When I frantically cleaned my home a few weeks before my first baby was born, everyone said it was my hormones kicking in. I’m assuming it’s the feminine-housecleaning hormone that signals to women that it’s time to start focusing on household chores and other motherly duties. Would that be estrogen, the female hormone? Prolactin, the one that also makes breast milk? Oxytocin, the love hormone?
For the past month, in preparation for my baby, I mean son, to leave for college (the same one that entered life to a temporarily tidy home), I started the same thing all over again, with a 21st century sort of twist. I’m not mopping and dusting so much as organizing my iPhoto library—all gazillion mix-matched images—and rearranging bookshelves. I’m spending an inordinate chunk of time staring at toddler pictures of my eldest and shoving them at his younger siblings.
“OMG, look at Jack in nursery school!”
When I’m not cleaning, I’m cooking—it provides me with a false sense of achievement. Since Jack flew the coop, I’ve made about five batches of blondies and brownies, tested a new grilled salmon recipe and baked bread from scratch. That was on day two. Tonight it's chicken, steak, and shrimp sate.
Hormones again? I mean, what else could explain my atypical behavior.
Dr. James E. King would have thought it was all about my hormones. At a meeting of obstetrics and gynecologists in 1952—where he was being inducted as president of the American Association of Obstetricians, Gynecologists, and Abdominal Surgeons (now the American College of Obstetricians and Gynecologists)—he said that women are “fickle creatures” under the control of our hormones. That’s why, he said, we need doctors to guide us from puberty to menopause.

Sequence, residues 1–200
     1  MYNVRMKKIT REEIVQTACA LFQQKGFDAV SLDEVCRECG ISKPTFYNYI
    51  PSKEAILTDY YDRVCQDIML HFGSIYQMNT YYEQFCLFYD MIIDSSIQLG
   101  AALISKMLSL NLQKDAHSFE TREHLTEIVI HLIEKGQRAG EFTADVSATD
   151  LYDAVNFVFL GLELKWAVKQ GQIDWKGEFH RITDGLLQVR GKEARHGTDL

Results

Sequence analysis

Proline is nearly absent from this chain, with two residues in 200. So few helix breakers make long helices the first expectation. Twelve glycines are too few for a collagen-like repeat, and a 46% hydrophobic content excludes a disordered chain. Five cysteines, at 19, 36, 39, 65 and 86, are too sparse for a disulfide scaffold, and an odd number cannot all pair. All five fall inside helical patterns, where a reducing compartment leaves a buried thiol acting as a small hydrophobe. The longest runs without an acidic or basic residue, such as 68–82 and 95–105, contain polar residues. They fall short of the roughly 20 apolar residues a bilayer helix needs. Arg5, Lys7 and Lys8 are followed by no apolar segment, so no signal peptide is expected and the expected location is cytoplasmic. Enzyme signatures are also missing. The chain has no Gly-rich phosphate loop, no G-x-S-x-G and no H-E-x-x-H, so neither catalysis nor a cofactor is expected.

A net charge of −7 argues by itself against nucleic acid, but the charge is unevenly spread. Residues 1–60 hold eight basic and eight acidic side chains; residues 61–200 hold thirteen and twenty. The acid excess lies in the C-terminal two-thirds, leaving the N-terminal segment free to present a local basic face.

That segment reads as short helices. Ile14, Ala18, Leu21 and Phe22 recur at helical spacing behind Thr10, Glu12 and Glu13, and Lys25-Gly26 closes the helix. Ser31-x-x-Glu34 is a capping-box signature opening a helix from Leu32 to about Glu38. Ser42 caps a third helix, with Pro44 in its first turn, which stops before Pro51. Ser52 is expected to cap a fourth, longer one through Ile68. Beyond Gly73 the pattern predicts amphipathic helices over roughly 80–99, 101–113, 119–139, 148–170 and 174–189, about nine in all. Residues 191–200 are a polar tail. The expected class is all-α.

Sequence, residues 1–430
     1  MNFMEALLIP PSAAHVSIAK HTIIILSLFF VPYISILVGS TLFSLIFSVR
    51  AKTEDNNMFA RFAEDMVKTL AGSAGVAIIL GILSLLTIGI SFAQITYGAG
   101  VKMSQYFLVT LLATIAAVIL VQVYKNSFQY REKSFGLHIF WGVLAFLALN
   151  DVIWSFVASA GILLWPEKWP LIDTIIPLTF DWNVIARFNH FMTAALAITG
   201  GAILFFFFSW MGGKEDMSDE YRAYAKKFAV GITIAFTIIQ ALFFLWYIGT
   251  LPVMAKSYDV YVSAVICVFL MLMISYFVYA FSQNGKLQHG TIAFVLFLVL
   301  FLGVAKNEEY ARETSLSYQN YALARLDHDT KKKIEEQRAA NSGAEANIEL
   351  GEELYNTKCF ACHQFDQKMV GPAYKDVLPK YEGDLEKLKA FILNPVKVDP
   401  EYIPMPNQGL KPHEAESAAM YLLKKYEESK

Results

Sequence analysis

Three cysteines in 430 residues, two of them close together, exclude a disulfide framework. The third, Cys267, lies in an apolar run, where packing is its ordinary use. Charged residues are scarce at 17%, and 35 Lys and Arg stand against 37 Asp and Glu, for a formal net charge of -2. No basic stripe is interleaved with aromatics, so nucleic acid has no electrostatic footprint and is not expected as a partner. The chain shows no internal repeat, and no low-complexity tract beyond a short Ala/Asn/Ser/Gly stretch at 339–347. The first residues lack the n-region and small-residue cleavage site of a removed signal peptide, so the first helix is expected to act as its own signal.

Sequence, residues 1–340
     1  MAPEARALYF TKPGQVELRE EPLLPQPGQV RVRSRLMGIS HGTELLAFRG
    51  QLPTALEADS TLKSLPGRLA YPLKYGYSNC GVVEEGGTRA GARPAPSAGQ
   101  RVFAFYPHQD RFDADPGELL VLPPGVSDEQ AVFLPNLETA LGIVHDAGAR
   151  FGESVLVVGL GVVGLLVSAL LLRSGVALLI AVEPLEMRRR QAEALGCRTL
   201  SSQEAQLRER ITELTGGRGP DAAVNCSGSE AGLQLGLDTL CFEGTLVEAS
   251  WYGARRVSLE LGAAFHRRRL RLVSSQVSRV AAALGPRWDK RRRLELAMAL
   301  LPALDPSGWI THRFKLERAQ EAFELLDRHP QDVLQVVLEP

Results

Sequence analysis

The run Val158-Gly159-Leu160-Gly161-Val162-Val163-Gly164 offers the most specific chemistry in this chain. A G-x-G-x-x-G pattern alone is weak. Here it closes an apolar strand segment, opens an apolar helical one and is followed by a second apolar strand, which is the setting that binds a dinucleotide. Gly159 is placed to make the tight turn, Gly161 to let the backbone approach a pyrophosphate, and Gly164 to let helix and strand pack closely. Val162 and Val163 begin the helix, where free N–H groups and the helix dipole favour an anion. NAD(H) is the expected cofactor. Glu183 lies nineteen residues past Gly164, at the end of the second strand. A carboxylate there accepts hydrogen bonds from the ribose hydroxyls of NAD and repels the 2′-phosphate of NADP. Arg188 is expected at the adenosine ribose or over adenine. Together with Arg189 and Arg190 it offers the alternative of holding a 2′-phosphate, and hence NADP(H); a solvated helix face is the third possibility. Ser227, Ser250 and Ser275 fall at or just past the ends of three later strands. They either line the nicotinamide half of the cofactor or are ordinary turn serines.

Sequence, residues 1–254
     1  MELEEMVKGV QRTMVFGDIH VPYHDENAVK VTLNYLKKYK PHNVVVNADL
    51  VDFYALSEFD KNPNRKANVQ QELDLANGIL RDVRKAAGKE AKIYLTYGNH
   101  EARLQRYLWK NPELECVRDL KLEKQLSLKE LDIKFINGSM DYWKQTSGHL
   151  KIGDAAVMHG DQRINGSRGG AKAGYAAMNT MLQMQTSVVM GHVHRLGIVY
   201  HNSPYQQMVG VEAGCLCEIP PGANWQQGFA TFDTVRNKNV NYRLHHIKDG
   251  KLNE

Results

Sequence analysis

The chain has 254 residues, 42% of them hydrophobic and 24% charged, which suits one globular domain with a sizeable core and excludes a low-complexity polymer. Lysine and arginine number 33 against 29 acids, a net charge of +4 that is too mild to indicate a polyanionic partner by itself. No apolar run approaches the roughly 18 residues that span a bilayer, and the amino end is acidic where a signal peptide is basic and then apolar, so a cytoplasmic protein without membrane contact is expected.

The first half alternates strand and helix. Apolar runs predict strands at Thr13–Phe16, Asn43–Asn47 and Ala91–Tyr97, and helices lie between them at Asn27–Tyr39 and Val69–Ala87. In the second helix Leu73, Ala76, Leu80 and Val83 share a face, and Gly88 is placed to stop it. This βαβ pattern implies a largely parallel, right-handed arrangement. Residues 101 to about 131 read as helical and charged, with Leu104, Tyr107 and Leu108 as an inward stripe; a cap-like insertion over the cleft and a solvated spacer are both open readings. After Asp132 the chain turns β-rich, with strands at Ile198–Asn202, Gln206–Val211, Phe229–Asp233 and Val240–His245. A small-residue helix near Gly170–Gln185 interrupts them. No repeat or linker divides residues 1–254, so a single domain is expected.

He admitted that there was a concern that the new hormone remedies might encourage women to dominate men. But not to worry, he told his medical audience, “so long as she (meaning me and maybe you) is controlled by her reproductive glands, she will remain basically the same loveable, gracious homemaker.”
Hormones have been such a handy answer to practically every single health question. But really? I believe that our hormonal swings have a huge impact on our brain-body functioning. I believe in PMS—that somehow the ups and downs of my hormones make me an evil bitch the few days before my period. But I really don’t think every single thing I do is a knee-jerk response to a hormone.
In Brain Storm, The Flaws in the Science of Sex Hormone, Rebecca M. Jordan-Smith, an assistant professor at Barnard, demonstrates the flaws in nearly every study that tried to link prenatal hormones to sexuality. True, her book is about hormones before birth and my interest was hormones before college, but the general gist is sort of the same. Her point is that flimsy science often spurs false assumptions that when repeated enough in the press and popular books evolve into dogma. Jordan-Smith’s project adds fodder to a growing body of research, beginning with Beyond the Natural Body, a landmark book by Nelly Oudshoorn, a professor at the University of Twente in The Netherlands. Oudshoorn claims that early 20th century hormone scientists invented the whole male-female hormone divide with estrogen equalling girl and testosterone equalling boy. And that simple divide prompted a cascade of misconstrued science. We all know by middle school science class, that boys and girls have both estrogen and testosterone.
So armed with my newfound knowledge and fired up with skepticism, I went out for a walk ready to proselytize. My neighbor with her newborn in a snuggly was wandering by with her extended family. And during our sidewalk chitchat, I mentioned my son leaving, my recent cleaning frenzy and how I’m convinced it has nothing to do with hormones much the way she may have cleaned prior to the birth of her son.
They seemed completely uninterested and unenlightened. As her sister, a mother of five, responded: I cleaned my house before the birth of every one of my kids. I know it’s female hormones.